Marketplace Scratch Pad

The customer is always…

Scott Jagow Nov 12, 2009

Last? Lost? In line? On hold? I did a story a few years ago about how customer service was going in the toilet. I asked why. I was told that businesses were doing so well, they didn’t need to focus on customer service. Well, here we are. Businesses are desperate. The economy’s bad. And customer service still stinks?

Maybe the two go hand-in-hand. Maybe once you decide that customer service isn’t important, and you have 4 employees patrolling 100,000 square feet of floor space, you’ve backed yourself into a corner. You did more with less when times were good, so now, you’re trying to do even more with even less.

Sprint-Nextel, which is consistently near the top of the Customer Service Hall of Shame list said this week it would lay off 2,000-2,500 employees this quarter. But:

“The company is taking this action in a careful manner to ensure that there is no impact on the improved customer experience that has been reflected in much higher levels of satisfaction in customer surveys and in independent performance tests.”

Dilbert responded this way:

On the Marketplace Morning Report this week, LA Times business columnist David Lazarus pointed out that Best Buy has launched a new campaign to tout its customer satisfaction:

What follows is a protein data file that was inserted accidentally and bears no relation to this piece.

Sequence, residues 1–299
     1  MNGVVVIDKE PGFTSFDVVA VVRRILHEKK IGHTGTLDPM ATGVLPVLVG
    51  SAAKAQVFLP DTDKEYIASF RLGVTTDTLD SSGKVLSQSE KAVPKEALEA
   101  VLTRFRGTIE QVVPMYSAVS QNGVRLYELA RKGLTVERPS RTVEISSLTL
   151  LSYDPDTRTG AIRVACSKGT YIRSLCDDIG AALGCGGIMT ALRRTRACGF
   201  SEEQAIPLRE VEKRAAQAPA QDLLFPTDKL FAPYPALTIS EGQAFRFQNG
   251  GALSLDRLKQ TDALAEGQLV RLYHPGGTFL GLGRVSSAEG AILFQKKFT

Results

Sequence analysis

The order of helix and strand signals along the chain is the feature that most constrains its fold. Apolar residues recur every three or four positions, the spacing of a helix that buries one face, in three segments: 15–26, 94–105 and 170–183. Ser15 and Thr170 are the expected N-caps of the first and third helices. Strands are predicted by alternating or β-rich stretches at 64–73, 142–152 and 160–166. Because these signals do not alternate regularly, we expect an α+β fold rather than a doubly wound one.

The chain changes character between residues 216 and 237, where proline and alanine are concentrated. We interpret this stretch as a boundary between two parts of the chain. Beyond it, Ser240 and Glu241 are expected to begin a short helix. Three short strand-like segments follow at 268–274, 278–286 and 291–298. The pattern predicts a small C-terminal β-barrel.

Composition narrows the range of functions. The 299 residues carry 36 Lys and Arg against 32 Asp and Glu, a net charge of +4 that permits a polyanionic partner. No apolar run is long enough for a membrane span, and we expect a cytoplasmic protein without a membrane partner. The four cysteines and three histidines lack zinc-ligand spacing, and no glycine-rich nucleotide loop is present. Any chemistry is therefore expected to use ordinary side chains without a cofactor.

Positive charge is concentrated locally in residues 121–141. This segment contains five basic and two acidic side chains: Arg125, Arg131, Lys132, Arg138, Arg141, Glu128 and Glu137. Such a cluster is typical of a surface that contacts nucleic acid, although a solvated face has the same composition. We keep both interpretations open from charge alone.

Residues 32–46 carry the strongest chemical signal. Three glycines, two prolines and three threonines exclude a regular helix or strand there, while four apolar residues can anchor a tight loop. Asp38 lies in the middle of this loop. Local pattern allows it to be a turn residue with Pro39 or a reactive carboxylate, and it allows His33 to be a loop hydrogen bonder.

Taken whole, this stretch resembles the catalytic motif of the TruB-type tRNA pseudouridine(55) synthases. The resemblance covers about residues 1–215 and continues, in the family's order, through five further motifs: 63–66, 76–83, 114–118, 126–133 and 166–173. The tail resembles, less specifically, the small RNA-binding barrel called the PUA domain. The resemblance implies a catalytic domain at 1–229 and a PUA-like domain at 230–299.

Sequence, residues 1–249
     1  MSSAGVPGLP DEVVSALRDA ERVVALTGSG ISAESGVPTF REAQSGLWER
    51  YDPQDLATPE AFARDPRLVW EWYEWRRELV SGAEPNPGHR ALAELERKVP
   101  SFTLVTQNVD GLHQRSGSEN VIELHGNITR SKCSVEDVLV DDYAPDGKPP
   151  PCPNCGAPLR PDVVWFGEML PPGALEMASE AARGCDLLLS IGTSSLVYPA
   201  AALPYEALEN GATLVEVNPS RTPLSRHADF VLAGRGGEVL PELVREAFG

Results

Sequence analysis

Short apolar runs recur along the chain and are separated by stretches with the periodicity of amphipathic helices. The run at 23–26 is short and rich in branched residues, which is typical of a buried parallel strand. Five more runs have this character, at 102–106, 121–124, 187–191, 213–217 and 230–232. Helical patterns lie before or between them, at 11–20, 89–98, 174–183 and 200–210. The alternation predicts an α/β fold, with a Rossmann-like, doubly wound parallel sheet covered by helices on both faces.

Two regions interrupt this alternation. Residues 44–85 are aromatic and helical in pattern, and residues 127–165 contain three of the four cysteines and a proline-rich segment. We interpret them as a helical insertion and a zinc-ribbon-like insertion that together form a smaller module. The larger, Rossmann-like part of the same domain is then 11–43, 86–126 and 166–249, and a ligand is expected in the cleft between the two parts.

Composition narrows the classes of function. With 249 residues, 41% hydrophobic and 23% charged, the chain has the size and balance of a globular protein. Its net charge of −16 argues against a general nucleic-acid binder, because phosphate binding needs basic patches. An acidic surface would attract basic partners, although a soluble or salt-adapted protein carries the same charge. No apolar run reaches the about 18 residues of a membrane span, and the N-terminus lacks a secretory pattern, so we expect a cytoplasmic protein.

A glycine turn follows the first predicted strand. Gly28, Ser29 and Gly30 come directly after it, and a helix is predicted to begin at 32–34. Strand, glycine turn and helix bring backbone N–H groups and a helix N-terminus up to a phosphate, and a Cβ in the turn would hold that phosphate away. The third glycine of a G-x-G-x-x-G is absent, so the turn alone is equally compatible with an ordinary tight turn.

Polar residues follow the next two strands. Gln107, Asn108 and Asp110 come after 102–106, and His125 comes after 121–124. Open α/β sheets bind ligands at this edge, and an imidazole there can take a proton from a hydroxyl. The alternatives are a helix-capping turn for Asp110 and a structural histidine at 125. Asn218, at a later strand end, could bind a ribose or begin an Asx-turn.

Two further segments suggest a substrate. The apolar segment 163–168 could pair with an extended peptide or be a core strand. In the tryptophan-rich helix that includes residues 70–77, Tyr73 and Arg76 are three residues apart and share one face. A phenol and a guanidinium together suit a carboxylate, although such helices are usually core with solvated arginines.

I think because Best Buy knows very well that customer service and customer satisfaction has become miserable throughout the retail sector. All you’ve got to do is look out on the showroom floor and see how confused and perplexed and frustrated so many consumers are. The question then becomes: Why aren’t more businesses doing something about it?

Could it be that customers are making things worse? More from Lazarus:

You talk to the marketing experts, and they say they American consumer, right now, doesn’t really place consumer service as highly as he or she once did. Instead, it’s all about low, low, low prices, and so what we’re seeing this holiday season is this massive price war that’s breaking out.

Alright, your turn. Have you given up on customer service and only care about the price? Or are you voting with your feet and rewarding good service even if you have to pay more? Are you seeing any change in service, for better or worse?

I’m a sucker for a good/bad customer service story…

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